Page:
What about the opposition? To Yang, they were all “bureaucrats.” But there isn’t much evidence that the four figures targeted in campaigns during the early 1970s found backing in the post-1969 administration. It was only in the Reform Era that “bureaucrats,” following Deng, took control of the country’s economic development and seized upon the opportunity to enrich themselves.
The third side in Yang’s triangular scheme is Mao, whose utopian visions are said to be key. In the past, scholars have argued that the GPCR was merely an outgrowth of a power struggle between Mao and Liu. But then why would Mao go to such lengths to mobilize the masses and take extreme measures like paralyzing the government? This can only be explained, Yang argues, by considering Mao’s utopian politics. Going further, he contends that Mao had a specific vision of utopia that privileged the collective over the individual. For Yang, such an ideology inevitably leads to authoritarian terror—this is his ultimate critique of the GPCR.
Yang identifies three very different texts as the bases of Mao’s utopian blueprint: the May 7 Directive of 1966, the Principles of the Paris Commune of 1871, and the ancient Chinese concept of “Great Harmony” (Datong). In these texts, Yang identifies seven core aspects of Mao’s utopianism, from eliminating the division of labor and the trade of commodities, to holding general elections of representatives. Mao might have authentically believed in these ideals at some point. In practice, however, he repudiated them one by one. “Mao envisaged being able to recall public servants at will,” Yang comments, “but that would require an ultrapowerful individual higher than the public organs. Clearly, what Mao imagined was a totalitarian society ruled by a super powerful individual and with no rule of law.” And so concludes his discussion of Mao’s utopianism. Reading through the hundreds of pages of his history, one can find little connection between this supposed vision and the endless political machinations and power jockeying covered.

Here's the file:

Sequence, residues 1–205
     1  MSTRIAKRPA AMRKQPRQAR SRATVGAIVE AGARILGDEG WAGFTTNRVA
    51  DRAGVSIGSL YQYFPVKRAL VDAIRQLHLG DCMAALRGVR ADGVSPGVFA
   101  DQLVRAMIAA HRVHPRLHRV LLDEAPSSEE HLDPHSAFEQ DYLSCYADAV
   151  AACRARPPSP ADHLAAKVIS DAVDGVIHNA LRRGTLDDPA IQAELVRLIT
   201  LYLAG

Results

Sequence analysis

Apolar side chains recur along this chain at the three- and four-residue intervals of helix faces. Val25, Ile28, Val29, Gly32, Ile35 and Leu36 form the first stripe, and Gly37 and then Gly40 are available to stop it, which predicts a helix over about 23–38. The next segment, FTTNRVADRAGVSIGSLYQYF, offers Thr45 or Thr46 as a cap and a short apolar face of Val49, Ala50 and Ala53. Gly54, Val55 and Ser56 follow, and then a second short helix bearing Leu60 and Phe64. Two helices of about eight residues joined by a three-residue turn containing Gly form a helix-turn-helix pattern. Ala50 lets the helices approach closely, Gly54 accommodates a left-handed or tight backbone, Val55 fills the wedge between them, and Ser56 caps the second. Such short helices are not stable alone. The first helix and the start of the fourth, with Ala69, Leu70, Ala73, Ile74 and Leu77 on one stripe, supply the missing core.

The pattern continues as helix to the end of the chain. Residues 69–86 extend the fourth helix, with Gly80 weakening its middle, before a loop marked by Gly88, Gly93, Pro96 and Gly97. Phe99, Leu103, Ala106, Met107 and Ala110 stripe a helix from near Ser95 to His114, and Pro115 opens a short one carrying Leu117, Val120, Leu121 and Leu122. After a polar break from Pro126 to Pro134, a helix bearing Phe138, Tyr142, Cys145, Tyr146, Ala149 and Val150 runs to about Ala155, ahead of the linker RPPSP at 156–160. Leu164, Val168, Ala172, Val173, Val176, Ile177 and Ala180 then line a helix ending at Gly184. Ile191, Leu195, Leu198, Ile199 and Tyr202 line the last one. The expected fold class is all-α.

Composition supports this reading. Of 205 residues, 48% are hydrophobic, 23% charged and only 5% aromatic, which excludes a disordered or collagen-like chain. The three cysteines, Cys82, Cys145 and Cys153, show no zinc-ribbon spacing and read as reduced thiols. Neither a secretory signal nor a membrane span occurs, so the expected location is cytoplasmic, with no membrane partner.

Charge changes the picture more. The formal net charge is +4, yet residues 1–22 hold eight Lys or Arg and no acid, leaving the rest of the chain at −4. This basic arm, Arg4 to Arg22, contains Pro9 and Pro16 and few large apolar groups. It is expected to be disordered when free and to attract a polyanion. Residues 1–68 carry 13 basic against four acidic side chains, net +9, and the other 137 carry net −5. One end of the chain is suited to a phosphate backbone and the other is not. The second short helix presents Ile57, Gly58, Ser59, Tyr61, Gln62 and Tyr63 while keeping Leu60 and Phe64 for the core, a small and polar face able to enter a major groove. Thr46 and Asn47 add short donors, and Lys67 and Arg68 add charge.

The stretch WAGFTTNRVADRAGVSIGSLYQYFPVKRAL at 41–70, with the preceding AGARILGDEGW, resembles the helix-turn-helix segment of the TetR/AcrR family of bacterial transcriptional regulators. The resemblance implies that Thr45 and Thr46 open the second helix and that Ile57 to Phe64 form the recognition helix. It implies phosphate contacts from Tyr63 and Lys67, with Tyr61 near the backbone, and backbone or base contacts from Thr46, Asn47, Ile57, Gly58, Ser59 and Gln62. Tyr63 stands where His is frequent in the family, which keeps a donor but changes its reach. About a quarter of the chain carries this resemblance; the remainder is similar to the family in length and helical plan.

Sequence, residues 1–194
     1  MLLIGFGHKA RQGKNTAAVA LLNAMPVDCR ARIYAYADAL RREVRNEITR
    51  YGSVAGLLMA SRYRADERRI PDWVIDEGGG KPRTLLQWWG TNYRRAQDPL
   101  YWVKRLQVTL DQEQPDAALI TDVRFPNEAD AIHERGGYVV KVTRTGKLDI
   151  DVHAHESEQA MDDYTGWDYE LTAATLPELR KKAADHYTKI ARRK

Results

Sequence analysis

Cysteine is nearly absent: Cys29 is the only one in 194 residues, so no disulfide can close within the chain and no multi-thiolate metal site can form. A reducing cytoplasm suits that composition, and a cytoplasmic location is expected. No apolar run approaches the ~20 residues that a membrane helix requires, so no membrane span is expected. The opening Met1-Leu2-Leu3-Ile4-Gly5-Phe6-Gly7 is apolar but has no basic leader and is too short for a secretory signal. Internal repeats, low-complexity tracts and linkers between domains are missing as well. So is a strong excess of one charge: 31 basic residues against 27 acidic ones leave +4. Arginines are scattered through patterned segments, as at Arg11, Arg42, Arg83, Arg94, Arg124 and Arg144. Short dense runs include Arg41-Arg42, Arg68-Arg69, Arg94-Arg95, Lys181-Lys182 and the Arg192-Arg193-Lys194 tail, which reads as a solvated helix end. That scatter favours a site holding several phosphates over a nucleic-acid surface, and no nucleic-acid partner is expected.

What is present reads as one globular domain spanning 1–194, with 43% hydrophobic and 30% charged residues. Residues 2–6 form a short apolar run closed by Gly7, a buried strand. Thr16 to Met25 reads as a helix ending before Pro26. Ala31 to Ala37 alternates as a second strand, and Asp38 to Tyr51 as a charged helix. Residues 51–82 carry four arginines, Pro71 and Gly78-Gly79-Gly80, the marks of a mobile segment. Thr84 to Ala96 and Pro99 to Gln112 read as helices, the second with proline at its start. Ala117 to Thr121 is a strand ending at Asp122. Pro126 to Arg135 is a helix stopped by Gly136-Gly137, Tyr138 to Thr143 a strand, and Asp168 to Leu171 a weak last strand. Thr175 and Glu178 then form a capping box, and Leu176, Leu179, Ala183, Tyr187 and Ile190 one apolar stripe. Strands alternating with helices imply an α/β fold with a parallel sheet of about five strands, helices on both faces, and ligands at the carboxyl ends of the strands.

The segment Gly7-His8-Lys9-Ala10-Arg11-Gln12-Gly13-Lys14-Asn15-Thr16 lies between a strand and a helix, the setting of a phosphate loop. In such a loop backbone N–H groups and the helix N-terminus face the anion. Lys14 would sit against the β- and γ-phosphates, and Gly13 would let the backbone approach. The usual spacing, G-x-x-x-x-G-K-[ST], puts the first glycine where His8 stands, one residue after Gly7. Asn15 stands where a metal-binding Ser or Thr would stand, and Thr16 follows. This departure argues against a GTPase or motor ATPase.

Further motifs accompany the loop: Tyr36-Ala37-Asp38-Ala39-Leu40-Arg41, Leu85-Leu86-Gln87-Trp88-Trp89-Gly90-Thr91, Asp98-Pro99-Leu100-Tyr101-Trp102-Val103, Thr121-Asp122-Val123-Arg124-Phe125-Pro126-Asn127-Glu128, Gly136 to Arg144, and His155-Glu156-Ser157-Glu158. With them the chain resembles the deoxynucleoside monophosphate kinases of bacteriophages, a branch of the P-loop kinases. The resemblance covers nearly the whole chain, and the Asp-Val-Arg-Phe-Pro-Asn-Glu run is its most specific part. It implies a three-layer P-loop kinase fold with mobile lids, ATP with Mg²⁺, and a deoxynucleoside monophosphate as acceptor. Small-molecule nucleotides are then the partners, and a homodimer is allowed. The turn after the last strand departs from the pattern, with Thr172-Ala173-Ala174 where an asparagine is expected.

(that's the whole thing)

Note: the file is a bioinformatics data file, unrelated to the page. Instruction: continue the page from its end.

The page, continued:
The late historian Maurice Meisner took a different stance. In Marxism, Maoism, and Utopianism (1982), he argued that fighting for revolution in a largely agrarian country, Mao was at best indifferent to, and inherently suspicious about, the progressive quality of historical capitalism that Marxism takes for granted. Rather, Mao embraced socioeconomic backwardness, which offered an advantage when it came to transforming the social order. In other words, Mao valued equality above higher industrial development. He was trapped between this mindset and the imperative of China’s industrialization; that contradiction shaped the major campaigns and movements he initiated after 1949, including the Great Leap Forward and the GPCR. In each case, his utopian drive proved “ultimately abortive in both theory and practice,” Meisner writes, “contributing greatly to the political turbulence that marked the final two decades of the Maoist era.”